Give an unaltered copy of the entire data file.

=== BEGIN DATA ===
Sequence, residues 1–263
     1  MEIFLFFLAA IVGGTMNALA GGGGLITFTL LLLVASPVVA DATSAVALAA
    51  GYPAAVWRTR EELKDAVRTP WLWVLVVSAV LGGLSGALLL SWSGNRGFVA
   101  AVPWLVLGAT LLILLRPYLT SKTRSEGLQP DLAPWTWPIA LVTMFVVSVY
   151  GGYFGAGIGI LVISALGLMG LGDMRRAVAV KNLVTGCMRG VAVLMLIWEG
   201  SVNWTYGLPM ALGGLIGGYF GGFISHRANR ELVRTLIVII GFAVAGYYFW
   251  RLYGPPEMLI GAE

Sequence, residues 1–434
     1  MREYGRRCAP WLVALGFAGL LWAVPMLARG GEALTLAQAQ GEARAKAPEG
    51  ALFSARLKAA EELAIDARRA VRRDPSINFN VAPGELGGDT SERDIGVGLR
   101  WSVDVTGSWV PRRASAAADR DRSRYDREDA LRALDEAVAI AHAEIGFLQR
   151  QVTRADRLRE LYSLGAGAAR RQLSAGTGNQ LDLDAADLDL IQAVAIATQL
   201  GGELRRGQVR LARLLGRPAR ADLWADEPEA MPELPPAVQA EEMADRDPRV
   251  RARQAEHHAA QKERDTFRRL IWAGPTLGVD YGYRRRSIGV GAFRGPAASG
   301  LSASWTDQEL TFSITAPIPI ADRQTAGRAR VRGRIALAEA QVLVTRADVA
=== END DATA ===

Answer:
Sequence, residues 1–263
     1  MEIFLFFLAA IVGGTMNALA GGGGLITFTL LLLVASPVVA DATSAVALAA
    51  GYPAAVWRTR EELKDAVRTP WLWVLVVSAV LGGLSGALLL SWSGNRGFVA
   101  AVPWLVLGAT LLILLRPYLT SKTRSEGLQP DLAPWTWPIA LVTMFVVSVY
   151  GGYFGAGIGI LVISALGLMG LGDMRRAVAV KNLVTGCMRG VAVLMLIWEG
   201  SVNWTYGLPM ALGGLIGGYF GGFISHRANR ELVRTLIVII GFAVAGYYFW
   251  RLYGPPEMLI GAE

Sequence, residues 1–434
     1  MREYGRRCAP WLVALGFAGL LWAVPMLARG GEALTLAQAQ GEARAKAPEG
    51  ALFSARLKAA EELAIDARRA VRRDPSINFN VAPGELGGDT SERDIGVGLR
   101  WSVDVTGSWV PRRASAAADR DRSRYDREDA LRALDEAVAI AHAEIGFLQR
   151  QVTRADRLRE LYSLGAGAAR RQLSAGTGNQ LDLDAADLDL IQAVAIATQL
   201  GGELRRGQVR LARLLGRPAR ADLWADEPEA MPELPPAVQA EEMADRDPRV
   251  RARQAEHHAA QKERDTFRRL IWAGPTLGVD YGYRRRSIGV GAFRGPAASG
   301  LSASWTDQEL TFSITAPIPI ADRQTAGRAR VRGRIALAEA QVLVTRADVA